What is parvo?
I learned that parvo started as a mutation of a cat virus in the 70s that was killed dogs rapidly. Today, parvo is prevalent in some parts of the country and it seems like a rarity in others (like Western Washington). We learned that just because we don’t hear about the canine parvovirus in our area doesn’t mean that it doesn’t exist nor does this suggest that it’s been eradicated in an area. Vaccinations can’t always keep puppies safe, but they’re a great first step to helping puppies survive the virus.
The canine parvovirus is a highly contagious virus that attacks a puppy’s body, causing secondary infections. The veterinarian compared it to the flu to help me understand. There is no cure for the flu or cold; we take medication to provide comfort while the virus works through our body. In puppies and dogs, the canine parvovirus severely affects the intestinal track and the white blood cells. Riley’s count was near zero when she passed away. The virus can also damage the heart muscles, leading to cardiac arrest or lifetime issues.
“Nearly all mammal species have their own parvovirus, but each is specific for the animal species it can infect. The canine parvovirus is capable of affecting dogs, wolves, coyotes, foxes and more members of the dog family. There are two types of parvovirus affecting dogs: CPV 1 and CPV 2 which was originally identified as canine specific and has now been further divided into CPV-2a, 2b and 2c based on host range and incubation periods. The most common form is CPV-2b, most adult dogs have been exposed which means they have some immunity no matter vaccination status. The more recently discovered CPV-2c discovered in 2000 was found to be more virulent but is covered in current vaccines. ” ~ Dr. Cathy, Hoof Stock Vet
Symptoms of parvo in puppies
Riley’s symptoms were vomiting, diarrhea, loss of appetite, lethargy/depression.
Riley came to our home a happy, healthy dog. Our vet believes that she was in the incubation period. Four days after she came to our home, she started showing symptoms of parvo in puppies, but we didn’t know. Because vomiting and diarrhea aren’t common in puppies and because I still hadn’t received Riley’s vaccination records, I took her to the vet and then emergency vet when she didn’t improve.
Riley’s diarrhea became very runny, like water, and the smell was different than what we’re used to with dog feces. When I was researching canine parvovirus, I kept reading that the smell was awful, but I’d prefer to say that it’s very different.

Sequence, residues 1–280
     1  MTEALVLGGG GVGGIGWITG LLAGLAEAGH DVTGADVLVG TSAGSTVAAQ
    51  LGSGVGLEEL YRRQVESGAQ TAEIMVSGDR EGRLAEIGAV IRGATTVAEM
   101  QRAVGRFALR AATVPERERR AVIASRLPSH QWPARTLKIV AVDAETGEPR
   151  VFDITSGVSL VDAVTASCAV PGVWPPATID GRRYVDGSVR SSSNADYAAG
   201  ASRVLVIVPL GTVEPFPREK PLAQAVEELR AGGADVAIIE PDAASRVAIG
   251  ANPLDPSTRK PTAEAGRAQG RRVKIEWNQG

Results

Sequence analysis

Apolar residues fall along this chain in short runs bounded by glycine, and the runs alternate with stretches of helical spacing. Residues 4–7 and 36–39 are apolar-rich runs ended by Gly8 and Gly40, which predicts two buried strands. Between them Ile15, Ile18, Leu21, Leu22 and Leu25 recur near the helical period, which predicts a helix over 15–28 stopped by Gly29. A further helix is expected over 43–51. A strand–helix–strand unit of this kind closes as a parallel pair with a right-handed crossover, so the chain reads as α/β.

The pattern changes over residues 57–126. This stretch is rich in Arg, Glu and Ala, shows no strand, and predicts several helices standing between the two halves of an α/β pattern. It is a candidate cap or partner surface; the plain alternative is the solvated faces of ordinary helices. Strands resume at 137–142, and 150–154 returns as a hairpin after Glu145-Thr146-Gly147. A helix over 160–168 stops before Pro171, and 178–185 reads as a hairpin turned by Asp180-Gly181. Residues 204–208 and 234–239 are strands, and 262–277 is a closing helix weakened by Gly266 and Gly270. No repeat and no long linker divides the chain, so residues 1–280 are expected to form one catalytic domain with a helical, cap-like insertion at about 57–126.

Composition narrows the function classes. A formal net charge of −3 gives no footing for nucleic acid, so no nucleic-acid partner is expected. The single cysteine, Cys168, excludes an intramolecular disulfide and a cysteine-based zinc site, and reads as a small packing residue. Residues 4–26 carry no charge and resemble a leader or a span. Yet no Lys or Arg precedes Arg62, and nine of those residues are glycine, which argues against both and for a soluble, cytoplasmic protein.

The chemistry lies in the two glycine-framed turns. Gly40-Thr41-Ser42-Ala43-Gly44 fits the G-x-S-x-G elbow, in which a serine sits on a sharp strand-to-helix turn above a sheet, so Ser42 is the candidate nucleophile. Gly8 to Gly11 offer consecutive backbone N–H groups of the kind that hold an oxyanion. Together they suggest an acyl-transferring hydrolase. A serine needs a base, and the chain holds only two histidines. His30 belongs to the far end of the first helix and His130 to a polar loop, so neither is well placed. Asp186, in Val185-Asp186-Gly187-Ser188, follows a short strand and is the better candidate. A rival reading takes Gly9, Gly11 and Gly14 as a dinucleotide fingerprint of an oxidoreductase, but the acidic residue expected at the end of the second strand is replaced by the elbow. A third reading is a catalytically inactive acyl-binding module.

“If you notice your dog experiencing severe vomiting, loss of appetite, depression or bloody diarrhea, contact your veterinarian immediately.” ~ ASPCA
What are some other health issues with these same symptoms?
“A puppy with a bloody diarrhea could have a parasite problem, a virus other than parvovirus, a stress colitis, or may have eaten something that disagreed with him or injured and blocked his digestive tract. It’s crucial that you see your vet for an accurate diagnosis.” ~ ASPCA
“There are also bacteria that cause the same clinical signs of vomiting and bloody diarrhea. Some of these bacteria include Clostridial sp. It isn’t the bacteria that causes the bloody diarrhea, it’s the toxin produced by the bacteria – therefore, antibiotics don’t help, and the risk of death is still the same from the dehydration.” ~ Dr. Cathy, Hoof Stock Vet
How is parvovirus diagnosed?
Riley was diagnosed through a fecal test. We learned that the test for the canine parvovirus has an expiration date (makes sense), so if the parvovirus isn’t common in an area, not all veterinarians will have the test on hand. The emergency vet that we were referred to (by our vet) did have the test on hand. “The ELISA test kit is used to detect parvovirus in a dog’s stools, and is performed in the vet’s office in about 15 minutes. Because this test is not 100% sensitive or specific, your veterinarian may recommend additional tests and blood work. “ ~ ASPCA
“In fact, the fecal test only detects about 80% of parvoviral infected dogs. This is another reason why the bloody diarrhea and vomiting need to be taken very seriously and still treated as if it is parvo.” ~ Dr. Cathy, Hoof Stock Vet
How can parvovirus be treated?
Although there are no drugs available that can kill the virus yet, treatment is generally straightforward and consists of aggressive supportive care to control the symptoms and boost your dog’s immune system to help him win the battle against this dangerous disease. Dogs infected with parvovirus need intensive treatment in a veterinary hospital, where they receive antibiotics, drugs to control the vomiting, intravenous fluids and other supportive therapies. Should your dog undergo this treatment, be prepared for considerable expense—the average hospital stay is about 5-7 days.